In 1642 there were 86 people named in the tax returns for contributions for Ireland. Between them they were assessed at £9.9.7 of which sum Jn. Duncombe esq. contributed £4.0.0

In 1798 the Posse Comitatus listed 71 men between the ages of 16 and 60 in East and Botolph Claydon.

In the earliest government census of 1801, there were 238 inhabitants (this is the figure in Magna Britannia, but the VCH gives 299) in 61 families living in 45 houses recorded in East Claydon.

Census YearPopulation of East Claydon

* = No names were recorded in census documents from 1801 to 1831.
** = Census documents from 1911 to 2001 are only available in summary form. Names are witheld under the 100 year rule.

Microfilm copies of all census enumerators' notebooks for 1841 to 1891 are held at the Local Studies Libraries at Aylesbury and Milton Keynes, as well as centrally at the PRO. A table of 19th century census headcount by parish is printed in the VCH of Bucks, Vol.2, pp 96-101.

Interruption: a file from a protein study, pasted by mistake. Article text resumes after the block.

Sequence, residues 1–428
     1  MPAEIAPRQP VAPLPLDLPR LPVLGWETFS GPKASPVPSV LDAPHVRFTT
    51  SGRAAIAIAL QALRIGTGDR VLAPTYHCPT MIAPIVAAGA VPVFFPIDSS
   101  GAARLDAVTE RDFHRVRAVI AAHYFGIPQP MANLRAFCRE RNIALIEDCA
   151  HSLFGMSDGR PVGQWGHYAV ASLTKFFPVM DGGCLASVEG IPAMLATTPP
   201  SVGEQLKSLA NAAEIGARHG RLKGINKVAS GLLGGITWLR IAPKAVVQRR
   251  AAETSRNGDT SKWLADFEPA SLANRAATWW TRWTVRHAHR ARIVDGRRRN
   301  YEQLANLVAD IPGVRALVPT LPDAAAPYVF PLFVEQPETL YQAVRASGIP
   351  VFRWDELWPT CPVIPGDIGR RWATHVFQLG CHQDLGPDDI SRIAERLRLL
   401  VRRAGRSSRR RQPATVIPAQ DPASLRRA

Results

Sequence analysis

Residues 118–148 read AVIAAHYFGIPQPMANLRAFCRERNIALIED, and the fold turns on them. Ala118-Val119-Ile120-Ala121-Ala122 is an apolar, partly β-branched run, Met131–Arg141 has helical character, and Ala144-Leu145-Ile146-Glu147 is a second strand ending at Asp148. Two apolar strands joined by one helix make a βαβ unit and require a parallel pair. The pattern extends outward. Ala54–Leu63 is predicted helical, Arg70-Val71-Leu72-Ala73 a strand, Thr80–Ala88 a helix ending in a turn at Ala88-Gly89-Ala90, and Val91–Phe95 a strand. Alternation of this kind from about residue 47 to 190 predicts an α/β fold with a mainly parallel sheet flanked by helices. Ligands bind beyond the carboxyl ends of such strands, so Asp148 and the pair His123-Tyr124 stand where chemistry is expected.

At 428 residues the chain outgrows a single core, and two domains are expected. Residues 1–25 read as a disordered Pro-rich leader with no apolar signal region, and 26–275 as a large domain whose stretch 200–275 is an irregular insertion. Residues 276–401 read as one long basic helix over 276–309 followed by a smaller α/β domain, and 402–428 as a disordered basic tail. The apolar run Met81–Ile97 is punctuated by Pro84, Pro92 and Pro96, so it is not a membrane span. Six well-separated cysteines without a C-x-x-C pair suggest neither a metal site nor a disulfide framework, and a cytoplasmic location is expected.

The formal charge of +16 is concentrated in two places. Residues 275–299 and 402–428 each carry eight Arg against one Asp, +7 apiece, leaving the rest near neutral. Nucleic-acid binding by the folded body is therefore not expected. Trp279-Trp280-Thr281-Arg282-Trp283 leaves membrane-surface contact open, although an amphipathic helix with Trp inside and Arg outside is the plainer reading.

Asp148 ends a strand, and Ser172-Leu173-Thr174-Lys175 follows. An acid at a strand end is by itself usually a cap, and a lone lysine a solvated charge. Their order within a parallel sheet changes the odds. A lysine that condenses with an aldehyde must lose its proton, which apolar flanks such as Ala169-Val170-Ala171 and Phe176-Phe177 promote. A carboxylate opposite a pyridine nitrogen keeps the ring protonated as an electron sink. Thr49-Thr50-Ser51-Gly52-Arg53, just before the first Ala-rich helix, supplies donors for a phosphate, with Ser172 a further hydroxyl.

Availability of census transcripts and indexes.

  • 1851 - Full transcripts and indexes for Buckinghamshire are available on CD-ROM, hard copy and microfiche from the Buckinghamshire Family History Society.
  • 1861 - Available on CD-ROM with advanced search and mapping capabilities etc. from the Buckinghamshire Genealogical Society.
  • 1881
    • Available on CD-ROM from the Church of the Latter Day Saints, as part of the National 1881 Census Index.
    • Available on CD-ROM for Buckinghamshire, with advanced search and mapping capabilities etc. from Drake Software.
  • 1891 - Available on CD-ROM with advanced search and mapping capabilities etc. from the Buckinghamshire Genealogical Society.